Surfaces of Planets and Satellites Weakly Active Surfaces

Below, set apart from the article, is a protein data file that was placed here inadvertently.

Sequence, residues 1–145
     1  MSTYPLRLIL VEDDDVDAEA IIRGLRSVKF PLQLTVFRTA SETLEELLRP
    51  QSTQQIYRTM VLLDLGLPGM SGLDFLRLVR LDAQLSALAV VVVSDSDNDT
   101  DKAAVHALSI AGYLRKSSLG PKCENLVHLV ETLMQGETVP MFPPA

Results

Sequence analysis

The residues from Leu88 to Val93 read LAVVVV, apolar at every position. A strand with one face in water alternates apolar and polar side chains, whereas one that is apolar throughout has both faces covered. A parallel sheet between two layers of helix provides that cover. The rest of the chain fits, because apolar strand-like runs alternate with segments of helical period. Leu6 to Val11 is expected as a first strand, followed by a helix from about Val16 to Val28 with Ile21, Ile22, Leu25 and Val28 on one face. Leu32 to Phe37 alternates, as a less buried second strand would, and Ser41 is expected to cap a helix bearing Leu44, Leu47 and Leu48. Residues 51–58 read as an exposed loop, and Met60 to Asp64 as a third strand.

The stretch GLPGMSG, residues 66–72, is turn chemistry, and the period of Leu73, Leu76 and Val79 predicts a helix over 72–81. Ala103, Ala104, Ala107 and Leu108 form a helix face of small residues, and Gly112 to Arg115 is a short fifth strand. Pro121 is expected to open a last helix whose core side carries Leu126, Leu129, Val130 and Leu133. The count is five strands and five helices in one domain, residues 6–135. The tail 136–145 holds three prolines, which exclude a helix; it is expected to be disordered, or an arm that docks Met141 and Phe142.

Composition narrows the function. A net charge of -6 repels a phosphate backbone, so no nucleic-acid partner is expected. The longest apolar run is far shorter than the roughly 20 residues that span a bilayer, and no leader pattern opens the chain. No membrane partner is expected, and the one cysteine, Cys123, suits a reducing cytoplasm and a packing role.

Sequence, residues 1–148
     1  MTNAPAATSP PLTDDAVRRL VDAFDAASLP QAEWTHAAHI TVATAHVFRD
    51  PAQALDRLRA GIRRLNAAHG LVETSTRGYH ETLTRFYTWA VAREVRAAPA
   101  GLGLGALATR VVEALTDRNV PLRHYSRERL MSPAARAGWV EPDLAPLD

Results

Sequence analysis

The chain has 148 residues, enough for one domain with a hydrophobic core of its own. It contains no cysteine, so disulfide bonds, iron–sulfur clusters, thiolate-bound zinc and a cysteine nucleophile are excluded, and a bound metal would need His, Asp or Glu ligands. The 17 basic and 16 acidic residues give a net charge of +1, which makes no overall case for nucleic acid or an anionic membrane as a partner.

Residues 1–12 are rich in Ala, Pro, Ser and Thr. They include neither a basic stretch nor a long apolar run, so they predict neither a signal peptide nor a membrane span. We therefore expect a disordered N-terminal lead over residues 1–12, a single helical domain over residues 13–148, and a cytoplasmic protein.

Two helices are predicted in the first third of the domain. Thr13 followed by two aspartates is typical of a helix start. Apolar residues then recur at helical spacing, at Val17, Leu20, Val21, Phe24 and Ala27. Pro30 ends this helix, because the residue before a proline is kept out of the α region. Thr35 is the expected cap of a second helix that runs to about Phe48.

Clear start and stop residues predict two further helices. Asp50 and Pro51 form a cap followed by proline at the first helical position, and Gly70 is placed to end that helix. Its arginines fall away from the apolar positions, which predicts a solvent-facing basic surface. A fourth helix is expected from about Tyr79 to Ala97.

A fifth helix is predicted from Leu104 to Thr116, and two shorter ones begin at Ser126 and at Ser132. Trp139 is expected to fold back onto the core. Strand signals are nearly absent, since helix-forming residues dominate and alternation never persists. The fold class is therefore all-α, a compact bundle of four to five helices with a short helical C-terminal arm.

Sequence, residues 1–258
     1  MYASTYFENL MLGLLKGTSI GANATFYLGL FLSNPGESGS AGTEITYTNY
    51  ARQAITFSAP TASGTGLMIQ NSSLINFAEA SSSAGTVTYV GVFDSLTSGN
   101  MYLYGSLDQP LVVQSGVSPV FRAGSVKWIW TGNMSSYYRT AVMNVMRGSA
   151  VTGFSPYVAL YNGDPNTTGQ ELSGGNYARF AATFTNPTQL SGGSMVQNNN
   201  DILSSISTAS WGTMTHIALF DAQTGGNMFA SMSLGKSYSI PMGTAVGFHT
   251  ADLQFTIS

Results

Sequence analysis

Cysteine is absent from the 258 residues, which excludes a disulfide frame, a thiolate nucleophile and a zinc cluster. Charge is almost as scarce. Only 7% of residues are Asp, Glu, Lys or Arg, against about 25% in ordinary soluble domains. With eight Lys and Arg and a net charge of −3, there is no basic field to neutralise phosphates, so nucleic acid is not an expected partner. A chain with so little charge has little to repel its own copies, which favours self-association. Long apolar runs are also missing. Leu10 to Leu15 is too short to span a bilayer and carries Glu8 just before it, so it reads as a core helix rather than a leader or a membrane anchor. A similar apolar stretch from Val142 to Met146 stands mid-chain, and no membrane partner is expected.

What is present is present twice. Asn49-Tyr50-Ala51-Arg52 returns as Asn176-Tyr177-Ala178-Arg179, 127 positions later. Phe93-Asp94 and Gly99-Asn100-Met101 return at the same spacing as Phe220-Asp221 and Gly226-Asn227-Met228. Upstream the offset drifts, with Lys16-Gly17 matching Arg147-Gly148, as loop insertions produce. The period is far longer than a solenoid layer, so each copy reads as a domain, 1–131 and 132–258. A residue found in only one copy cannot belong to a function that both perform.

Except for the Sun and the giant planets, which have no surfaces in the generally accepted sense, the surfaces of all bodies in the Solar System are still subject to impact cratering and gradation, but only some of them now experience (cryo)volcanism or tectonic processes to any significant extent, and in this sense are active. This suggests an obvious grouping of the surfaces into two sorts, and this is the basis on which Chapters 7 and 8 are organised. Thus, Chapter 7 describes surfaces that are now weakly active or inactive, and Chapter 8 describes those that are much more strongly active. The bodies with active surfaces are the Earth and Venus - the two largest terrestrial planets - and some of the larger satellites. The bodies with weakly active surfaces range in size from Mars down to the smallest bodies in the Solar System, though we shall concentrate on the larger ones. Broadly speaking, a body has a weakly active or inactive surface because its interior has cooled to the point where its lithosphere is now too thick to allow (cryo)volcanism or tectonic processes to occur.

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